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Bloodied Leather

A Shenandoah Neighbors Story

Isabelle Gilbert chafes against the restrictions that Victorian life puts on a young lady.

Forced to accept a betrothal to Percival Egmont, an English ex-patriot like her father, she is disturbed by his passion for prize-fighting—and other pursuits. And what if Mama spots the bruise on her cheek?

Then shared secrets perplex Isabelle even more.

A “Shenandoah Neighbors” story that extends the Owen Family universe, “Bloodied Leather” opens a new era for this popular family saga.

Bloodied Leather

A Shenandoah Neighbors Story

Marsha Ward

Bloodied Leather

Copyright 2014 Marsha Ward


Cover Design by Victorine Originals

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This book is a work of fiction. The characters, places, and incidents are either the product of the author’s imagination or are represented fictitiously. Any resemblance to actual persons, living or dead, is entirely coincidental.

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Published by WestWard Books

Table of Contents

Chapter 1

Chapter 2

Chapter 3

Chapter 4

Chapter 5

Thank You

Other Books by Marsha Ward

About the Author

Chapter 1

San Francisco, California. 1886

Isabelle Gilbert pulled a blonde curl down alongside her cheek. She repeated the effect with a second lock of hair, then adjusted the coiffure on the other side of her head for symmetry’s sake. She frowned. Mama had such sharp eyes. If the bruise weren’t entirely hidden, she would spot it in one second and ask about it in the next. How would Isabelle ever explain how it had happened?

Surely Percy hadn’t meant to strike her. He’d been so excited about attending the prizefight, and when she had declined to accompany him... I never imagined what trouble a fiancé could be to a girl. I must work harder to make him happy.

Isabelle determined at last that three dangling curls did the job of masking the unsightly discoloration. She gave her hair one last pat and rose from her dressing table to choose her outfit for the day.

Something simple. Nothing to call Mama’s attention to me.

Since Isabelle would not make any calls on friends today, she chose a pale blue bodice with puffed sleeves and a matching skirt with only the slightest of bustles. Something comfortable would be best. After all, she’d only be working on her trousseau. She grimaced. The hand towels must be embroidered with intertwined initials to herald her upcoming marriage to Percival Egmont.

She didn’t call him Percival. Who would? She had chosen to call her fiancé Percy, even though he pressed her daily to use an endearment like “dear” or “darling.” It didn’t suit her to bestow such sweet names on him yet. Especially after last night.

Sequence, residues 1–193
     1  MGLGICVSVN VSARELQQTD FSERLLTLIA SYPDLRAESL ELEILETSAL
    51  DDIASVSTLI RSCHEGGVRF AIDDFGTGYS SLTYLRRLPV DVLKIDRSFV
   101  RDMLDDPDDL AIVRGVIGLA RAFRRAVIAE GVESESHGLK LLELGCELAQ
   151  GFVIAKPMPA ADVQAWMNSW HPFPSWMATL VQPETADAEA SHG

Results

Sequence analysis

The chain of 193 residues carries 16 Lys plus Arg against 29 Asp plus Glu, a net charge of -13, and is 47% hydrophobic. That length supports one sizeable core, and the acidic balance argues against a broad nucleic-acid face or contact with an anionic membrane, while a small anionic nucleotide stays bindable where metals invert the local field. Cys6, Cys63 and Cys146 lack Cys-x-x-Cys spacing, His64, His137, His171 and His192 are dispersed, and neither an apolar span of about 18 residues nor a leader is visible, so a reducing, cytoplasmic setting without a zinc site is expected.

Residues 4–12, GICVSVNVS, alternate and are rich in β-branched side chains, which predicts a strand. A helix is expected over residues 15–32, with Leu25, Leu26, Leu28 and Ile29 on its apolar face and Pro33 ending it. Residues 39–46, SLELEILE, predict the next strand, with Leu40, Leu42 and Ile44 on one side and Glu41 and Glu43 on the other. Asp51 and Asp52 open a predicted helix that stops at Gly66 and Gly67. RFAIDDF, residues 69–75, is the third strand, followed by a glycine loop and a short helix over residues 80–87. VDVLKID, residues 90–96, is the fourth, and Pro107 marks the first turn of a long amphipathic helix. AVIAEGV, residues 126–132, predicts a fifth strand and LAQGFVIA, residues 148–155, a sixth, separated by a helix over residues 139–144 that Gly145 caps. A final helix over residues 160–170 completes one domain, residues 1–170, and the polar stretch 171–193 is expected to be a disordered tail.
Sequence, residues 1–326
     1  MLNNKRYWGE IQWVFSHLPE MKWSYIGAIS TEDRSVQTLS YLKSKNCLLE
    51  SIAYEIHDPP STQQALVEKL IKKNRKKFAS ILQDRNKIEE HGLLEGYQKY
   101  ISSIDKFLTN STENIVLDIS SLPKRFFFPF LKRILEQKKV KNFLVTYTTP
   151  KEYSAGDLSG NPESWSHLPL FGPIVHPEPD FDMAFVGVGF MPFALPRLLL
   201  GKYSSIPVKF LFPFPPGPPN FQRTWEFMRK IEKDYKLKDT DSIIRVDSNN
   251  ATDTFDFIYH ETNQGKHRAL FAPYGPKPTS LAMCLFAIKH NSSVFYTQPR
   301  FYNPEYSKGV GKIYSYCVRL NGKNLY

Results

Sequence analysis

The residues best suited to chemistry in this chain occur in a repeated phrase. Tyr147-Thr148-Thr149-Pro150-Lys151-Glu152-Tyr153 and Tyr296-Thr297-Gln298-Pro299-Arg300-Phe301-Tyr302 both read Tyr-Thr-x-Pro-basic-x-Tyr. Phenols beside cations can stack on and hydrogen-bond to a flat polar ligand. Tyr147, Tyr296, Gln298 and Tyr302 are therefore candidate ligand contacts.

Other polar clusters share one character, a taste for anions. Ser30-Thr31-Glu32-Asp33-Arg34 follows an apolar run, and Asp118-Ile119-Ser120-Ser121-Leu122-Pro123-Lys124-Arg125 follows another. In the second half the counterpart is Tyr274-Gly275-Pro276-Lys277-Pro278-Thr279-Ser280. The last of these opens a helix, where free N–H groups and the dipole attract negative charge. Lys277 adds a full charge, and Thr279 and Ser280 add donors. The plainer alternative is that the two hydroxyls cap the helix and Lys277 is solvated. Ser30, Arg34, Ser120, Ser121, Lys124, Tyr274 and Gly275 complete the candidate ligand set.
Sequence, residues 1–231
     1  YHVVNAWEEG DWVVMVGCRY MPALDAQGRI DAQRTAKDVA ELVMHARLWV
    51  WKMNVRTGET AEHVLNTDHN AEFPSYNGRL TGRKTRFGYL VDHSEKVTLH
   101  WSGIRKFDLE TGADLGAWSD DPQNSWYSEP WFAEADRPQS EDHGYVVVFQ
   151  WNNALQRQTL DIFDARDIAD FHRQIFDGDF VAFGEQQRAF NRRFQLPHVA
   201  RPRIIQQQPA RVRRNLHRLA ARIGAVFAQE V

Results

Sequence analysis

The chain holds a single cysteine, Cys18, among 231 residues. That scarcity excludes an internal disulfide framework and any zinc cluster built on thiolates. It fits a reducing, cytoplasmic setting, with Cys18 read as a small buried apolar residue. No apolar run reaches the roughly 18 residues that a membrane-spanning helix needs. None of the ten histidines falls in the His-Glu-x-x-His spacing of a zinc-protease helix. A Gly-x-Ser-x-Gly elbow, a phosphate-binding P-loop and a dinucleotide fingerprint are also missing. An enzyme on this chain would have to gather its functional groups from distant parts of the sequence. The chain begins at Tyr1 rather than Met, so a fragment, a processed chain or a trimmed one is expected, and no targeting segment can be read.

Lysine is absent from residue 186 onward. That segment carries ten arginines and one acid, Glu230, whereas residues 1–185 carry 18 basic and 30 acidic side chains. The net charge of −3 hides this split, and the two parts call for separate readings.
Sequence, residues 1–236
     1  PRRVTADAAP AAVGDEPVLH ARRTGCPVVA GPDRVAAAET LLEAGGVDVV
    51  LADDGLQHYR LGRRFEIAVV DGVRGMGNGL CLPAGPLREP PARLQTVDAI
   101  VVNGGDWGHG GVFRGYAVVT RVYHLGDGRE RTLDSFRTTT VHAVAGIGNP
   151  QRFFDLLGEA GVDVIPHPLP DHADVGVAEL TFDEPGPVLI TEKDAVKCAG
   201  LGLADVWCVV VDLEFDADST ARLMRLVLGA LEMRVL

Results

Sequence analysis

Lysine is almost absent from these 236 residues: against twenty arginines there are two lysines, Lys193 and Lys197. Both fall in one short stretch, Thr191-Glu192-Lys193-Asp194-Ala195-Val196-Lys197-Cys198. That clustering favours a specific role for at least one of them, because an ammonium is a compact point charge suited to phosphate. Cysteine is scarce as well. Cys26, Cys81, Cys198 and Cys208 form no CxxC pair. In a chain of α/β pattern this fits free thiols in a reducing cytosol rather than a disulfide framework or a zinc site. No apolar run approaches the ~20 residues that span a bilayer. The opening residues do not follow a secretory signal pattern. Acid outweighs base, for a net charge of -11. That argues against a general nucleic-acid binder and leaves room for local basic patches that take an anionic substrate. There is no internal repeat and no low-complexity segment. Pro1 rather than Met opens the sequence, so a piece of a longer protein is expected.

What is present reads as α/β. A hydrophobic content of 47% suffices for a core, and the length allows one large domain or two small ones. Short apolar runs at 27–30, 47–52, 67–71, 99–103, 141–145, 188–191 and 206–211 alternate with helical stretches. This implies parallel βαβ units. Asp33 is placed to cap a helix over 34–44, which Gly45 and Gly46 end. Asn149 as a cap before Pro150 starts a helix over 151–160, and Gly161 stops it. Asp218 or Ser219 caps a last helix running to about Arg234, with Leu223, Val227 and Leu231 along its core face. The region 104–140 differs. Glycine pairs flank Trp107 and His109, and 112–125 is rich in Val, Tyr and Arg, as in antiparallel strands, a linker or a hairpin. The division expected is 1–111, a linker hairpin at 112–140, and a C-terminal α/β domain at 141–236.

She had left Percy in the parlor on his knees, swearing he had not meant to lay a hand on her. Well, he had done so, and her remembrance of the blow stung as sharply as had the blow itself. Fortunately, Mama hadn’t caught her on the stairs afterward or she would have known something was amiss. Isabelle wondered what action, if any, Mama would have taken in regards to the man. Mama was sometimes a puzzle.

Papa, now, was a different matter. Isabelle sighed as she fastened the top button of her bodice. It was Papa’s idea for her to accept Percy’s offer of marriage. Leave it to Englishmen to stick together! She sometimes wondered if Papa would be happier back in England. Instead, he was obliged to remain here in America, due to some ancient scandal or other. She thought Percy was under the same sort of constraint but had not managed to bring up the subject to him.

She was familiar with the relative size of Great Britain and the United States. One could get lost in the western expanses, as Papa had done, years ago. Then he had met Mama, the story went, and had repented of whatever had been his offense in order to win her hand. She had chosen to marry Papa instead of her own fiancé, a young man from Virginia newly arrived in the West.

Interesting and highly romantic as the old story was, thinking about it now would not put any stitches on her linens, so Isabelle threw back her shoulders and went downstairs.

After a brunch prolonged as long as she dared, Isabelle entered the parlor with her embroidery case and three linen towels, holding her breath. Mama scarcely paid her any mind, greeting her with a simple “Good morning,” and returning to her own hand work.

Isabelle exhaled and sat, arranging her threads to decide the best color arrangement for the initials.

“Ecru and dark blue, I believe,” Mama said, without even looking up.


“For the initials, my dear. The colors of the Egmont family crest.”

“Oh. I hadn’t thought of that.” Mama’s faint snort disheartened Isabelle. She thinks I have no sense at all. Perhaps she is correct. I never even thought about using the colors of the crest.

Isabelle threaded a needle with a deep, brilliant blue, put a hoop over the end of one towel, tightened it with the screw, and began work on a capital E she had previously traced in elegant script. E is for Egmont. She made a careful stitch. E is for eggs. They sat like a lump in her stomach, nervous as she was about Mama’s sharp eyes. E is for idiot. She stopped. Of course that wasn’t right. She allowed herself time to take a long breath. I is for Isabelle. She exhaled and pulled her thread tight. She didn’t let her thought follow to the next possible I. She kept it at bay, off in a corner of her mind where it wouldn’t become reality. Instead, she looked at another letter. P is for Percival. P is for philanderer. P is for... pig!

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